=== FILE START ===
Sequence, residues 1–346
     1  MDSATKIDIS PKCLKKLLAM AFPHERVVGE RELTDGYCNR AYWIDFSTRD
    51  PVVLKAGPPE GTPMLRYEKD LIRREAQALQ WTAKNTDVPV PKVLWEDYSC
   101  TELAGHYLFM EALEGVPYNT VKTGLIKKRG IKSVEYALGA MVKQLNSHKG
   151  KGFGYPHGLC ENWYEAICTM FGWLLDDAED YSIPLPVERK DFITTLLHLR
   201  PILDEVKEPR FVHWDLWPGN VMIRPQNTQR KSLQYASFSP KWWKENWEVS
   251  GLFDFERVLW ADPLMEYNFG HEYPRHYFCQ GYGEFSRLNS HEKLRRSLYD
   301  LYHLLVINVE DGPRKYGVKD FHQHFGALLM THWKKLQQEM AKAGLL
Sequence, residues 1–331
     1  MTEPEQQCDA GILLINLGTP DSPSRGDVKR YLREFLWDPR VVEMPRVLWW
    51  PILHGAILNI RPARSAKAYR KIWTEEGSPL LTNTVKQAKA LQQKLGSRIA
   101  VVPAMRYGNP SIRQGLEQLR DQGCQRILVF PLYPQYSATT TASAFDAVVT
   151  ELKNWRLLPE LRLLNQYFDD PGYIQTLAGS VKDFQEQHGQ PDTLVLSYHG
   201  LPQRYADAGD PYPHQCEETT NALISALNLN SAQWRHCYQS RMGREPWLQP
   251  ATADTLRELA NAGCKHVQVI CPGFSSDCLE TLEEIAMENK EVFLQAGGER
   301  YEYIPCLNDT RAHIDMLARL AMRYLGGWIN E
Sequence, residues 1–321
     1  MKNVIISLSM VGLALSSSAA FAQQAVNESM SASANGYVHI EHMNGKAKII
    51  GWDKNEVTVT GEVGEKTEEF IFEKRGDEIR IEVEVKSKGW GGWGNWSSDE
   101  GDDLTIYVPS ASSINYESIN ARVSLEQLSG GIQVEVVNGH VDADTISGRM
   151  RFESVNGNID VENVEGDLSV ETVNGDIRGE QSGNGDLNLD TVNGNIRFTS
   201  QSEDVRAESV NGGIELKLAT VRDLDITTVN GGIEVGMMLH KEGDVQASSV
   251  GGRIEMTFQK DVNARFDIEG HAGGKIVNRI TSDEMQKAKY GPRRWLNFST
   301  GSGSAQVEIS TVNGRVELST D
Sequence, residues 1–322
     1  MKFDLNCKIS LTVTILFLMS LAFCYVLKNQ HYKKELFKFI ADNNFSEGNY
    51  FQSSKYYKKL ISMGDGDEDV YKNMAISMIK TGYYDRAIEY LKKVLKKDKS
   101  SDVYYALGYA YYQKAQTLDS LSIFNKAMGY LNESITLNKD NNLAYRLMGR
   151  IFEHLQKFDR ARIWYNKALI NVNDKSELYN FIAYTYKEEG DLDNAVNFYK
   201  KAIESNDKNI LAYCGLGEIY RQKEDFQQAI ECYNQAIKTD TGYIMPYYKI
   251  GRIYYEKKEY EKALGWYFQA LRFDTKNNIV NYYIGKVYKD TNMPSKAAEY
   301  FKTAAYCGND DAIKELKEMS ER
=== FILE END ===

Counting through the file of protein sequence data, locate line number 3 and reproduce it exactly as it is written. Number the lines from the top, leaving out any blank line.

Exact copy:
    51  PVVLKAGPPE GTPMLRYEKD LIRREAQALQ WTAKNTDVPV PKVLWEDYSC